Human immunodeficiency virus (HIV) is a disease that damages the body’s immune system by attacking the cells that are responsible for fighting infections. By weakening the immune system response, the disease increases the body’s vulnerability to other infections and diseases.
Individuals living with HIV need to be highly careful and must get treatment, which will help them in managing the condition and prevent it from getting transmitted to others. Without the treatment, the individual may not survive for long.
Lack of proper treatment in time increases the levels of the virus in the blood, which can easily spread to others. In this blog, we shall see the several ways in which HIV passes from one person to another. Given below are ways in which the virus gets potentially transmitted.
Unprotected sex with multiple sexual partners
Having unprotected sex with an HIV-positive person is extremely risky. Sexual activity involves the contact of body fluids such as semen, vaginal secretions, and rectal secretions. As the virus gets transmitted through body fluids like semen, vaginal secretions, rectal secretions, blood, and urine, sexual contact will lead to the transmission of HIV.
During penetrative sexual contact involving vaginal or anal sex, it is necessary to use protection such as a condom, which will prevent the exchange of body fluids. The virus enters the body through the rectum, tip of the penile (urethra), and vagina. Engaging in safe sex practices will reduce the risk of HIV transmission.
Indulging in risky sexual behaviors and having multiple sexual partners will increase the chances of contracting HIV. So, avoid getting involved sexually with multiple partners and always use protection while having sex.
Sharing of medical equipment with others
The risk of contracting HIV increases when you share your medical equipment such as syringes, needles, injections, water, etc. with someone who is HIV positive. In addition, never share your drugs, hormones, steroids, etc. with anyone. Chances are that medical equipment may carry blood stains of someone else having HIV.
Sharing of medical equipment also potentiates the risk of other infections such as hepatitis B, hepatitis C, or others. Therefore, be careful while using such equipment, there is a necessity to prioritize hygiene and medical safety.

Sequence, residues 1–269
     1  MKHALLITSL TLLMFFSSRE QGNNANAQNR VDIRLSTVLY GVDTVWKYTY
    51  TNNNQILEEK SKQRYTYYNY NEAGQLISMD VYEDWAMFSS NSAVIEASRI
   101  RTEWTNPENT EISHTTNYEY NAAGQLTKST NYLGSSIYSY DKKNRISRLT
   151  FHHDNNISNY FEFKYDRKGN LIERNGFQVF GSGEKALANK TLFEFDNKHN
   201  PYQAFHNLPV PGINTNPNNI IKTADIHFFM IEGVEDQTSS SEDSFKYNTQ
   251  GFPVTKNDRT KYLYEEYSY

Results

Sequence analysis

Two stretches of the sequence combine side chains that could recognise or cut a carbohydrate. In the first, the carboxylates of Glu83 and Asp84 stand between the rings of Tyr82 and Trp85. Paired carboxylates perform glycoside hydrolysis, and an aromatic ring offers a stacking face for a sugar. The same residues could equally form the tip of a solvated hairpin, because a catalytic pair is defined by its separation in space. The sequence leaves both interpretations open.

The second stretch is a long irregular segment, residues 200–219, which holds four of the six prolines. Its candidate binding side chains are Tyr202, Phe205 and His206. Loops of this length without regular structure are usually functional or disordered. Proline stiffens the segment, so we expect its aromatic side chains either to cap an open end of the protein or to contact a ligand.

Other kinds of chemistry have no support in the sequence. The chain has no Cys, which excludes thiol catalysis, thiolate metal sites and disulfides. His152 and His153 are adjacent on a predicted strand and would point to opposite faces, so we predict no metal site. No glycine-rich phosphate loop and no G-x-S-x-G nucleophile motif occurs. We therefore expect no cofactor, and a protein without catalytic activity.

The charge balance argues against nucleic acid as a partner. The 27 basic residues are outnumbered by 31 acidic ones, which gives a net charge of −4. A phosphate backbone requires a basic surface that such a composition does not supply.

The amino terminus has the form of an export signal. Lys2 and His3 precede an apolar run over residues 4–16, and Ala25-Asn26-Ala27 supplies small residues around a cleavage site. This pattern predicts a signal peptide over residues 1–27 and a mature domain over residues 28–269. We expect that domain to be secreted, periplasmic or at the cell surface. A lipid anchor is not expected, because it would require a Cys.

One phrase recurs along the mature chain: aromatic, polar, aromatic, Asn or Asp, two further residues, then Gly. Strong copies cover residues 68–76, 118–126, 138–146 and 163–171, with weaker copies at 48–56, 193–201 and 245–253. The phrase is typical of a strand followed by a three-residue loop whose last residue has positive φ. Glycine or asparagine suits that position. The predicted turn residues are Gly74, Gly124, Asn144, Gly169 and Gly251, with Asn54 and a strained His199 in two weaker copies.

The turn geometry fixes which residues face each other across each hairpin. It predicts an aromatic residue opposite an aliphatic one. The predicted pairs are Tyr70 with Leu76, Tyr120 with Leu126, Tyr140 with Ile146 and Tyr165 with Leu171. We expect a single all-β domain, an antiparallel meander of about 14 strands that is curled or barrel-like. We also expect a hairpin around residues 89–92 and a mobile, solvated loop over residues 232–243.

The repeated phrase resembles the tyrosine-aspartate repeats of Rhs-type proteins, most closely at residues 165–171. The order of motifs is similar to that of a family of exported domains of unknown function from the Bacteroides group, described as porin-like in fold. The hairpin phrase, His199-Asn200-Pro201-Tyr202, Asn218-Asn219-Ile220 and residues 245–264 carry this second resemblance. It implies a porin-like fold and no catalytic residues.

HIV-positive individuals must never become a blood donors. Even if the individual has contracted HIV, it is not detectable for a few months during the initial stages. Several blood screening tests will reveal whether the blood is free from HIV. The test involves the detection of antibodies and antigens in the blood. This will help in ensuring transfusion safety.
HIV-positive females may transfer the disease to their developing baby during the prenatal stage. There is a possibility that the virus can enter through the placenta. This mother-to-baby transmission of HIV can be prevented by treatments and medications. Early detection of HIV is necessary, as it will help in starting the course of treatment at the right time, which will reduce the baby’s risk of contracting HIV during the prenatal stage.
Moreover, the virus can also get transmitted to the baby via breast milk and during delivery. The virus can enter the baby’s body through breast milk, which is why HIV-positive mothers are not allowed to breastfeed their babies.
Also, during delivery, the baby might get exposed to the mother’s blood, which is HIV-positive. This leads to the transmission of HIV to the baby. Hence, there is a need for utter care during childbirth. The doctor may recommend delivery via C-section, which ensures the safety of the baby.
Although the risk of getting HIV through oral sex is quite low but not zero. Oral sex involves stimulating the genitals with the mouth. Either of the people involved can have sexually transmitted diseases (STDs), mouth ulcers, genital sores, or bleeding gums, which potentiates the risk of HIV transmission to the other partner.
Ways to prevent HIV transmission
- Abstain from risky sexual behaviors, such as having multiple partners, and indulging in unprotected sex. Always use protection (condoms) in case of multiple sexual connections and avoid having multiple sexual partners.
- Get treatment for sexually transmitted diseases (STDs), which will reduce the risk of contracting HIV. Getting the proper diagnosis early will prevent health damage to self and others.
- Prioritize hygiene and medical safety. Do not share your medical equipment with another person. There is a possibility that the other person might be HIV positive, and sharing your medical equipment like syringes, drugs, hormones, injections, etc. will increase your risk of contracting HIV.
- Before you involve yourself in sexual activity, it is necessary to talk to your partner about getting an HIV test for both, which will eliminate your risk of HIV infection.
- In case an individual is diagnosed with HIV, they must follow their doctor’s guidelines strictly. Getting proper treatments and taking all the medications without failing will help in slowing down the viral damage. Adopting safety measures will ensure the safety of the partner and relatives too. For more information, one must talk to their doctor and follow their instructions carefully.
If the person avoids treatment after contracting HIV, then their life becomes short, and they cannot survive beyond 2 to 15 years. It depends on how fast they get to the third stage, which is AIDS. The final stage is AIDS, which leads to complete damage to the immune system.
At this stage, the likelihood of the disease getting spread to others is very high. However, one can prevent all this and live a good life by getting the treatment at the right time, this will help them in managing their condition and prevent disease transmission.